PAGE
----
UK credit and discouragement during the GFC
Marc Cowling (),
Maria Minniti and
Ning Zhang ()
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Weixi Liu: University of Bath School of Management
Maria Minniti: Syracuse University Whitman School of Management
Small Business Economics, 2016, vol. 47, issue 4, 1049-1074
Abstract The availability of credit to entrepreneurs with good investment opportunities is an important facilitator of economic growth. Under normal economic conditions, most entrepreneurs who requested loans receive them. In a global financial crisis, popular opinion is that banks are severely restricting lending to smaller businesses. This assumes that low levels of investment are caused by supply-side restrictions in the credit market. Little is said about potential changes in the demand for credit and how it is influenced by entrepreneurs’ perceptions about supply-side restrictions. One particularly interesting, and under-researched, group of small businesses is that who have potentially good investment opportunities, but are discouraged from applying for external funding as they fear rejection. In this study, we question whether these entrepreneurs were correct in their assumptions. We find that levels of discouragement are quite low in general at 2.7 % of the total smaller business population. Further analysis implies that 55.6 % of discouraged borrowers would have got loans had they applied.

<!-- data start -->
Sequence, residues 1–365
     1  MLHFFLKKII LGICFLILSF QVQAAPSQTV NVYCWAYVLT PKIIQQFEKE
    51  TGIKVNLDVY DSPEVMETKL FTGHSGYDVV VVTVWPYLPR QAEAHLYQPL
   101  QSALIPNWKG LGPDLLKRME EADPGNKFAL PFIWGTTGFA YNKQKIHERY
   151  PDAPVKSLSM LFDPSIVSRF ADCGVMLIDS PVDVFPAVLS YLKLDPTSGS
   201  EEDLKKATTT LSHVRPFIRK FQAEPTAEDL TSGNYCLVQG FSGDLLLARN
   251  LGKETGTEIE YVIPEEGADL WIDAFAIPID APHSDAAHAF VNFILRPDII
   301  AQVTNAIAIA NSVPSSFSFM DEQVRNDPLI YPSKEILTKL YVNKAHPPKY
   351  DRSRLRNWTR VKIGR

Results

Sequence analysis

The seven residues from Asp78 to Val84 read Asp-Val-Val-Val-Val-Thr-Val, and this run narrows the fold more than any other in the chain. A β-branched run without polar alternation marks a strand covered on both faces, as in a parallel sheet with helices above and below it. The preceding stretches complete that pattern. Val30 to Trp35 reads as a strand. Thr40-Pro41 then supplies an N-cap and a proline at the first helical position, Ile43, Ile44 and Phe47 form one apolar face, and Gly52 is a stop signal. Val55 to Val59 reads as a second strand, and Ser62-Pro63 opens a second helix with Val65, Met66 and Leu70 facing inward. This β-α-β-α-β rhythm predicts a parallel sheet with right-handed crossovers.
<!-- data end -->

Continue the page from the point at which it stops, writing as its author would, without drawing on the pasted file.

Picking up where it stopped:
Keywords: Small business finance; Credit rationing; Credit discouragement; Bank lending; L26; G21; D82; D52 (search for similar items in EconPapers)
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